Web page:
By the time The Gold Experience hit the shelves, in the autumn of 1995, Prince had already been promoting it for a year and a half – though not in the usual way. Rather than tell fans where they could buy the album, online posts came with “Release Date: Never!” warnings, while Prince explained that the only way to hear its songs would be to see him play them live. “From now on, Warner only gets old songs out of the vault,” he’d told Vibe magazine a couple of years earlier. “New songs we’ll play at shows. Music should be free, anyway.”
Listen to ‘The Gold Experience’ here[Linkfire].
“I’m going my way. Try and stop me”
Freedom was exactly what he had in mind when it came to The Gold Experience. Increasingly agitated at his record label’s reluctance to release new music as fast as he recorded it, Prince had changed his name to an unpronounceable symbol – dubbed “Love Symbol” – in 1993 as the first step towards extricating himself from his contract with Warner Bros. The second step was to prove he didn’t need any record label at all, resulting in a fractious public battle in which Prince claimed Warners were holding back his art.
Convincing the label to let him release The Most Beautiful Girl In The World – a soaring ballad with a heavenly falsetto that had no trouble holding its own in a golden era for R&B music – through his own NPG Records imprint on Valentine’s Day 1994, Prince scored his first UK No.1 single, and watched as the song raced into the upper echelons of the Billboard Hot 100 and Hot R&B Singles charts in the US. “He did that prove to them that he doesn’t need them, they need him,” New Power Generation drummer Michael Bland told this author for the book Lives Of The Musicians: Prince. “These are the things that were involved with him finally saying, ‘I’m going my own way. Try and stop me.’”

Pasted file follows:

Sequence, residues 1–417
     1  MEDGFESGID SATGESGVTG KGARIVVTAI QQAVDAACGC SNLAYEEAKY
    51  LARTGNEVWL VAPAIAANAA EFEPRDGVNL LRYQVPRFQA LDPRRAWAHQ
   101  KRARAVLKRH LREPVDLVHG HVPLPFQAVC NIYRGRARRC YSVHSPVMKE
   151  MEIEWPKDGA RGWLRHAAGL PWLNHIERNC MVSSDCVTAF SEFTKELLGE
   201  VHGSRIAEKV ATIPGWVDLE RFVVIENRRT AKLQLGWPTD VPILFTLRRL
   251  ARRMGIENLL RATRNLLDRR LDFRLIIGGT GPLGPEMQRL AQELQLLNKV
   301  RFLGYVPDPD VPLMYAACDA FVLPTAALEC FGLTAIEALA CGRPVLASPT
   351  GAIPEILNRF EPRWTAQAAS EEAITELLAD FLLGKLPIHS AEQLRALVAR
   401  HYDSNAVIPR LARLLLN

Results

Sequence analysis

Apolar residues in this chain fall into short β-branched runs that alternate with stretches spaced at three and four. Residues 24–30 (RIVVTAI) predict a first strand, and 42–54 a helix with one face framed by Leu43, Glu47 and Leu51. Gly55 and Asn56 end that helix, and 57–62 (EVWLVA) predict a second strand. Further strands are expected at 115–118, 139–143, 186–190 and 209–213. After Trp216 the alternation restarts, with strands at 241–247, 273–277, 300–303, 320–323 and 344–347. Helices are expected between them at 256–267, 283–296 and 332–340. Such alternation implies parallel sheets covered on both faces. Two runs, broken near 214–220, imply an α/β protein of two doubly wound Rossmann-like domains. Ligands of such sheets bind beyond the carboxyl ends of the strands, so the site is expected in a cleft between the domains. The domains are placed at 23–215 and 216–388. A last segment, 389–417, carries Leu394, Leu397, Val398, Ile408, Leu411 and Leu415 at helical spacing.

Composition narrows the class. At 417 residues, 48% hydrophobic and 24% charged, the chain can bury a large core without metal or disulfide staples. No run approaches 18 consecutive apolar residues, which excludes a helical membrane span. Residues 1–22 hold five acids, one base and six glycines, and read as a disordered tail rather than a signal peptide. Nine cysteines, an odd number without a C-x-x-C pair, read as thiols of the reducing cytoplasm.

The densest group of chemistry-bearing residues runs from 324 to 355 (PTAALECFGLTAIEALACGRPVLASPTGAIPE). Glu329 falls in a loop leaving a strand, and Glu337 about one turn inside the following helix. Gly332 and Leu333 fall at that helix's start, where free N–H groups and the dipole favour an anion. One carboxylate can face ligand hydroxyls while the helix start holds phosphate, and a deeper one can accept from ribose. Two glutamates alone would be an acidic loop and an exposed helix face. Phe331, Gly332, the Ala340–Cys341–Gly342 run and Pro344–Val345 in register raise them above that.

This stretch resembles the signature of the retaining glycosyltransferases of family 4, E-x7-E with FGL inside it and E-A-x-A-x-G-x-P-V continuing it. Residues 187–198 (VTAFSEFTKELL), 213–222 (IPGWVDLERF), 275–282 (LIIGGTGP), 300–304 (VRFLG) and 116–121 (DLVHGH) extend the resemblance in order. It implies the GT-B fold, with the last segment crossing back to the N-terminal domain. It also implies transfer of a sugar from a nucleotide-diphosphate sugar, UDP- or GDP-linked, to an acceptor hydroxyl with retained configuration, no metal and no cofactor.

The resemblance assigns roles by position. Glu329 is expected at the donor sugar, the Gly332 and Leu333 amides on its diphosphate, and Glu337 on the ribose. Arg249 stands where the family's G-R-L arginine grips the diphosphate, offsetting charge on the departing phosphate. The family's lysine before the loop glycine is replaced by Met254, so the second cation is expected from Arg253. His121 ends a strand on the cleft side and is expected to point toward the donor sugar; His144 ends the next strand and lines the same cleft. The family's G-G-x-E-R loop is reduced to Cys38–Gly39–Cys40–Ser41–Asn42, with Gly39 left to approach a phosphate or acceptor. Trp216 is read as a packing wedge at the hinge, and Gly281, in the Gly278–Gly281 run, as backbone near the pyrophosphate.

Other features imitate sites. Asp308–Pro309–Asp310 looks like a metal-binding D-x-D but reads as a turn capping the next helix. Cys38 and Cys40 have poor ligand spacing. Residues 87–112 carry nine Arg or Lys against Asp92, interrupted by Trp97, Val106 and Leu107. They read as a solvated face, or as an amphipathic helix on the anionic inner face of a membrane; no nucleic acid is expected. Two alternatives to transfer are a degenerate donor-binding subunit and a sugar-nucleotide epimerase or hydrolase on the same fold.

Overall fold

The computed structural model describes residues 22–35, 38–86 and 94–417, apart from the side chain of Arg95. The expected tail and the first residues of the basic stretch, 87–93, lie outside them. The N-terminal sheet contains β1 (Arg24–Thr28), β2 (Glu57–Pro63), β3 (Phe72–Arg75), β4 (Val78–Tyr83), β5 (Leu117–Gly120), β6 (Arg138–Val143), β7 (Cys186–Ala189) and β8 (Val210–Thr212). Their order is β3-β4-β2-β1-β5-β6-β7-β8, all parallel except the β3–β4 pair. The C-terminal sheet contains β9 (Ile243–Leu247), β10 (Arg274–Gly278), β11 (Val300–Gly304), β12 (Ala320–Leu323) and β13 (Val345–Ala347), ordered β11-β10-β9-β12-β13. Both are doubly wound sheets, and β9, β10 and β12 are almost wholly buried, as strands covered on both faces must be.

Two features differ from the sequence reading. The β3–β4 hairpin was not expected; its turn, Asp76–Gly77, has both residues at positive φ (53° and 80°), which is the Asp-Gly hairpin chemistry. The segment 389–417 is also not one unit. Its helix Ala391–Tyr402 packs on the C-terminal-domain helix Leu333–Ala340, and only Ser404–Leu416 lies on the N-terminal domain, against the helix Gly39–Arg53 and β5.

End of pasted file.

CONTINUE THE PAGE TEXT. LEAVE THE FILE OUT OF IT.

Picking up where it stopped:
Buoyed by the song’s success, he then pitched for Warner Bros to release two of his new albums on the same day – 7 June 1994, his 36th birthday and the one-year anniversary of his name change. Come would be a “Prince” record while The Gold Experience made credited to the “Love Symbol”. When the label opted to release only the former, to avoid the risk of splitting sales across two competing records by the same artist, Prince doubled down on the album which he felt truly represented him at the time.
“Do you hear this?”
Now making public appearances with the word “slave” written on his cheek in eyeliner, Prince took to the podium at the BRIT Awards in February 1995, to receive the Best International Male statuette. “Prince: best?” he questioned the audience, before adding, “The Gold Experience: better. In concert, perfectly free. On record, slave. Get wild. Come. Peace. Thank you.”
Less than two weeks later, he launched The Ultimate Live Experience tour: a month’s worth of shows throughout the UK and Europe, during which Prince unleashed many of The Gold Experience’s standout cuts. Setlists found the coruscating riffage of Endorphinmachine nestling next to the sultry slow jam Shhh, while fans, eager to hear the rest of the record, began leading chants in support of what had become, for Prince, a battle for ownership over his art. “Prince would turn around and look at us like, ‘Do you hear this?’” Michael Bland recalled.